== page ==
Tucker Bounds, a spokesman for the McCain campaign, appeared on MSNBC the other day and was pressed by correspondent David Shuster to deny an allegation from the Obama camp that controversial ex-Senator Phil Gramm would be named Treasury Secretary in a McCain Administration.
Bounds called the allegation absurd but steadfastly avoided ruling it out.
A better technique might have been to say something along these lines:
Our opponents are trying to make mischief by inventing false stories like this. Senator McCain, in contrast, is focused on winning the election — not on making bogus predictions about the never-to-be Obama cabinet.
I can tell you this, however, David.
YOU have about as much of a chance of being named Treasury Secretary as some of the names the Obama campaign are tossing around.
If, come November, McCain wins and Gramm is nominated for Treasury, Bounds can always tell David Shuster that he was first runner-up.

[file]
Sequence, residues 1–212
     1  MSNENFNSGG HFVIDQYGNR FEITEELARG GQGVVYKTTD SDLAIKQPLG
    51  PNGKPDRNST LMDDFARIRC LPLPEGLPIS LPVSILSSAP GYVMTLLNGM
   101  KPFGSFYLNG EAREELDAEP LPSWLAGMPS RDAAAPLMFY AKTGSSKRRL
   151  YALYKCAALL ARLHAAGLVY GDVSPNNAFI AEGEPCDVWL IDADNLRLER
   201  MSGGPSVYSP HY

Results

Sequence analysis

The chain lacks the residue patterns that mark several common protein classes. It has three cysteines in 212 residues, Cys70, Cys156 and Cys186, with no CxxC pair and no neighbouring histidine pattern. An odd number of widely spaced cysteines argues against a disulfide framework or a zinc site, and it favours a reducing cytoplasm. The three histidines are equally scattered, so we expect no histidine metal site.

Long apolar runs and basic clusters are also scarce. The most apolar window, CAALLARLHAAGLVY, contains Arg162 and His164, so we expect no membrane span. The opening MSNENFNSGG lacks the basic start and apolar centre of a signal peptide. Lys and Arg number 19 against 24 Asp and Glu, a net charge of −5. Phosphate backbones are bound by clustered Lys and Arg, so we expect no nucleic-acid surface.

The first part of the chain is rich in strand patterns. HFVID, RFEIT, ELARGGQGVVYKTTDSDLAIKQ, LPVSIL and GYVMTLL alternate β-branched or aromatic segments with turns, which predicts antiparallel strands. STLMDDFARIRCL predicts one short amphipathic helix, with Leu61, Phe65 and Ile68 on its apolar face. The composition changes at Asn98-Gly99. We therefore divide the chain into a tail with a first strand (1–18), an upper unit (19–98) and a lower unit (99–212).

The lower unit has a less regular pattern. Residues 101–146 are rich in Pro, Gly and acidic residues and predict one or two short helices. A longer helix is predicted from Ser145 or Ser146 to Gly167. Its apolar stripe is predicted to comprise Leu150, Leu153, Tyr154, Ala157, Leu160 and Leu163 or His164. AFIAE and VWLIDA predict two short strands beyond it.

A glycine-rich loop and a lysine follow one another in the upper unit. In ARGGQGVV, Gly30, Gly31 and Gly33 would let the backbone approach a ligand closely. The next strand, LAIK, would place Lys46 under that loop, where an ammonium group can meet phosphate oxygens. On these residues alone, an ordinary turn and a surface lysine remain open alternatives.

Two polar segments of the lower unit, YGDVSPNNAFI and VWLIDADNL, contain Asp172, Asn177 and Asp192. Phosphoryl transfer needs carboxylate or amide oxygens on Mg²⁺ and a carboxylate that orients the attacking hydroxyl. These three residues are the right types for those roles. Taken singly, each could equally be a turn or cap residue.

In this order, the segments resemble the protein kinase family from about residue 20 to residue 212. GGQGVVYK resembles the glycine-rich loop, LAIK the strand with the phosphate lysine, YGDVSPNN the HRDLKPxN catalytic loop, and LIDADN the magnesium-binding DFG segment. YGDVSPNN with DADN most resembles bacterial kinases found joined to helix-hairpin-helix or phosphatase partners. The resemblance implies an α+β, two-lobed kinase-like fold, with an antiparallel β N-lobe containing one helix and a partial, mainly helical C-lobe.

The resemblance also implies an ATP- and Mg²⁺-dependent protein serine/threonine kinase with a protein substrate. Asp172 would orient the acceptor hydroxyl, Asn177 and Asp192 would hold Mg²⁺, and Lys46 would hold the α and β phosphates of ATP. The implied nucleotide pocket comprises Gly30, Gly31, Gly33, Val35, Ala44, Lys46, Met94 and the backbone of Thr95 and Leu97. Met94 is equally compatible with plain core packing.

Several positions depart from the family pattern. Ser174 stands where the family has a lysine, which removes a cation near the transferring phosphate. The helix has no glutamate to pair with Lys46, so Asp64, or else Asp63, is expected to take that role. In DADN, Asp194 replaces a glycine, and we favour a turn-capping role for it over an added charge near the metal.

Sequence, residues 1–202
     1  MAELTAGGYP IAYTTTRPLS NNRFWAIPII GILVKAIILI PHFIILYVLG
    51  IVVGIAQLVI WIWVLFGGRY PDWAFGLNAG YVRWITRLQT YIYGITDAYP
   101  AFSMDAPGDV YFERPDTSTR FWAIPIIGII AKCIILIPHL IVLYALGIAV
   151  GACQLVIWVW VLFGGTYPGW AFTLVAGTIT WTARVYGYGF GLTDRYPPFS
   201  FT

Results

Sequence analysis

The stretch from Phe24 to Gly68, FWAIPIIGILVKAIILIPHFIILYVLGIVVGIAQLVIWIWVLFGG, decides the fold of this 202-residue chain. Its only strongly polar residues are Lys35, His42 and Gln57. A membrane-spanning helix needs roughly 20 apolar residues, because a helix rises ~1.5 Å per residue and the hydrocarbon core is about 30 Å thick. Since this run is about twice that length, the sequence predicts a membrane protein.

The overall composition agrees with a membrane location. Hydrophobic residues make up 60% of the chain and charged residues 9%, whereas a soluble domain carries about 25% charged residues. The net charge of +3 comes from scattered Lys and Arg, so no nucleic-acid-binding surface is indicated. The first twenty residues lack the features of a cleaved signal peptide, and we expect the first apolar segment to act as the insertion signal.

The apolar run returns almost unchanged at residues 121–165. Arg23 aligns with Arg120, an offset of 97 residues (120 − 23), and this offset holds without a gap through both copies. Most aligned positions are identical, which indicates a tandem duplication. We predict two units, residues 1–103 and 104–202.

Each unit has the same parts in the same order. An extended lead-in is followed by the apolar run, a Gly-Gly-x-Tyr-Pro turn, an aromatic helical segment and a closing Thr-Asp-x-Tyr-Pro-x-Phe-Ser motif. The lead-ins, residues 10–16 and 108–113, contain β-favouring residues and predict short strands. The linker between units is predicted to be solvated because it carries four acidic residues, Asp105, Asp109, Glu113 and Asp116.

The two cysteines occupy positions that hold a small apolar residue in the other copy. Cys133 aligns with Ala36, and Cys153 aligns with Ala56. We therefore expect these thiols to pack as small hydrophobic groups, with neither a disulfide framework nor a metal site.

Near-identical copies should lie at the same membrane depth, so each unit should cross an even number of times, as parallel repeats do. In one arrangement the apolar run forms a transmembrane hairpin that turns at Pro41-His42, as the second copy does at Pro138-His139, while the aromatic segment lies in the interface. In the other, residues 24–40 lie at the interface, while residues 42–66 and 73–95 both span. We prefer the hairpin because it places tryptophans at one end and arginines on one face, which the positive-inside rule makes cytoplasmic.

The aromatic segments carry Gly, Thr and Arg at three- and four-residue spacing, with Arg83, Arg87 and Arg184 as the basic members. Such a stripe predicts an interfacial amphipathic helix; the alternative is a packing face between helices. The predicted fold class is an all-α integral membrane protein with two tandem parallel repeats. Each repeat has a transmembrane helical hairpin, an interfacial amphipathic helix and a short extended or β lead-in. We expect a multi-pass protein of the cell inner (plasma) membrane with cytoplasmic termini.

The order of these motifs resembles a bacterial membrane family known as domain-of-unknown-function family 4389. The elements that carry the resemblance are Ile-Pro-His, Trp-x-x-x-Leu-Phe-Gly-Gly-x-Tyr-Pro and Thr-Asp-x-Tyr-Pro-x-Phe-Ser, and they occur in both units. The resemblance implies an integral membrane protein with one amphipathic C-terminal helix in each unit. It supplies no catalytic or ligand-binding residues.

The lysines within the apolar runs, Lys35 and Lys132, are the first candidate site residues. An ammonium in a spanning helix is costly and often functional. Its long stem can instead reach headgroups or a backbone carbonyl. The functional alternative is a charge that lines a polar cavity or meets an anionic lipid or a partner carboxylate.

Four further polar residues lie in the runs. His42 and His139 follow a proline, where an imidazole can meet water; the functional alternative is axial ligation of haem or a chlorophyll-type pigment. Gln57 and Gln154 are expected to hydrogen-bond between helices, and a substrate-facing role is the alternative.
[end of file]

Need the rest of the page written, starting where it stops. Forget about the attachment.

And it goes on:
The proposed answer above assumes that the candidate is unwilling to take the issue off the table now by simply saying: “No. Gramm will not be nominated for Treasury in my administration.”
While that answer would seem to settle the question — the downside is that it opens Pandora’s Box. Once you’ve answered that question…it is hard to duck follow-on questions: “Well, how about this person? Or that? If Gramm won’t be Treasury Secretary can you assure us he won’t be Chairman of the Council of Economic Advisors?” Generally, therefore, it is best to not to start answering those kinds of questions.